Over 3 million Women Form a ‘Women’s Wall’ Across Kerala. | Image Courtesy: Vyshakh
More than three million women formed an over 600-km long unbroken human chain ‘Vanitha Mathil’ (Women’s Wall) on Tuesday linking Kasargode in North Kerala to Ayyanakali square near the Governor's residence in Thiruvananthapuram, to defend gender justice and values of renaissance in the society. Men formed another human chain parallel to the Women’s Wall throughout the state in solidarity.
Prior to the main event, there was a round of rehearsal at 3:00 p.m and the Women’s Wall was formed by 4:00 p.m. The participating women took an oath to fight for gender justice and women's rights, and to conserve the values of enlightenment yielded by the renaissance movement in Kerala.
The call for the mobilisation was given by around 176 progressive organisations who cherish the legacy of the renaissance movement in the state led by social reformers like Sree Narayana Guru and Mahatma Ayyankali. The Left Democratic Front (LDF)-led government in Kerala and the Communist Party of India (Marxist) had overviewed the successful organisation of the event. According to reports, more than a 100 public meetings were also organised along with the event throughout the state. People from all sections of Kerala society took part in the event, making it the largest political gathering in the recorded history of the state.
As per an IANS report, last month, amid the row over the Sabarimala pilgrimage, Kerala Chief Minister Pinarayi Vijayan had sent out invites to social groups and it was decided to form the "Women’s Wall". The other objective of the event was to promote gender equality.
“The CPI(M) considered addressing women’s issues as part of the party’s class struggle. Such an initiative (women’s wall) is required to protect the renaissance tradition of the state,” Vijayan was quoted as saying by The Indian Express.
Kerala state health minister and CPI(M) leader K.K. Shailaja became the first member of the human chain at the northern end in Kasaragod town. Monday’s estimates had suggested that more than one lakh women would participate to form a 44-km long Women’s Wall in Kasaragod district. In Kannur district, more than five lakh women were expected to participate in the women’s wall covering a distance 82 km. In Calicut, three lakh women were estimated to hit the streets as part of the 74 km women’s wall in the district. Tens of thousands of women from Wayanad district also joined the Women’s Wall in Calicut. In Thrissur, over three lakh women were estimated to join the 73-km wall. In the coastal district of Alleppey, the event was expected to attract four lakh women extending over 97 km, including around two lakh participants from adjacent Kottayam and Pathanamthitta districts. At Kollam 3 Lakh women were expected to participate in the 58 km chain and around 3 lakh women were expected to join the 43.5 km wall in Thiruvananthapuram district.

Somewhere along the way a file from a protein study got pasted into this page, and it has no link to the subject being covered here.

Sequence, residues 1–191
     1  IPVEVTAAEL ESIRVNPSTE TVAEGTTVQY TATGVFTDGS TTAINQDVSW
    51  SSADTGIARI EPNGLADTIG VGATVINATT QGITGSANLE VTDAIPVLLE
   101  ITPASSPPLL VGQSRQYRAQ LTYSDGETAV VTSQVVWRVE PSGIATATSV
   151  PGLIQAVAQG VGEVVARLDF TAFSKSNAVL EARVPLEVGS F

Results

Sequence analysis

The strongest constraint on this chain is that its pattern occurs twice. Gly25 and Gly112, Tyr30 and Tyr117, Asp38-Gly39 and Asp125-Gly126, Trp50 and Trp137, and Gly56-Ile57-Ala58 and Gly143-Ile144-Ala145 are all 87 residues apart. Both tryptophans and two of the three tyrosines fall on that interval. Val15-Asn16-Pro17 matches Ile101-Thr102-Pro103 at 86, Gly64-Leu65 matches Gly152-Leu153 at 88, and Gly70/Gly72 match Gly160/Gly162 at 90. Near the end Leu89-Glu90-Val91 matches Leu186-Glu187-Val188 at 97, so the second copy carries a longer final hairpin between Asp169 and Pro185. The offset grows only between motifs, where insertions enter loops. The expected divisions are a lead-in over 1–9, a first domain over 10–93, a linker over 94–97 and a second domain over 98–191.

However, following the huge turnout of women on to the streets, Monday’s estimates were well overtaken, said sources.
The chain ended near the Ayyankali statue in Vellayambalam in the state capital with CPI(M) Polit Bureau member Brinda Karat as the last member in the human chain.
Later, addressing a public meeting in Thiruvananthapuram, Karat lauded the women of Kerala for creating history, and said: "This wall is just not for Kerala but for all the women in the country."
Congratulating the women in Kerala for “successfully organising such a historic event against patriarchy and upholding gender justice and women's rights,”, Karat lashed out at communal and casteist forces in the state, accusing them of “back-stabbing the progress of the society and conserving regressive traditions.”
The wall also saw substantial participation from the minority communities despite the call of several religious organisations to boycott the event. In Malappuram district, where a considerable portion of the population is from the Muslim minority, around two lakh women joined the human chain spanning over 55 km.
A large number of political and cultural leaders, artistes, writers, sports personalities, spiritual leaders, etc. participated in the women’s wall and addressed the gatherings organised simultaneously at various parts of the state.
Even as the human chain was formed, Right wing organisations did not leave any stone unturned to create hurdles. In Bekal in Kasaragod district, an incident of stone-pelting aimed at women participants took place while in Chettukund, a CPI(M) member was attacked, as reported by The Indian Express.
The idea of the Women’s Wall was proposed by Punnala Sreekumar of Kerala Pulayar Maha Sabha (KPMS) in a meeting of progressive movements called by Kerala Chief Minister on December 2 in the wake of controversies that had erupted in the state related to the Supreme Court verdict on Sabarimala. In that meeting, Sreekumar’s proposal was endorsed by everyone and an organising committee was formed with Vellapally Nadeshan, General Secretary of Sree Narayana Dharma Paripalana (SNDP) Yogam as the convener.
In the aftermath of the historic September 28 Supreme Court verdict that dismissed the ban on entry of women of menstruating age in the Sabarimala temple, Right wing forces in Kerala have been aggressively attempting to spread religious discord over the past few months.
These reactionary groups have raised the bogey of Hindu religion being under threat due to the verdict. However, the LDF and the CPI(M) launched a grassroots campaign to approach the people on this issue. The Women’s Wall was evolved out from such a campaign to resist the Right wing’s attempt to perpetrate misogyny and patriarchy in Kerala.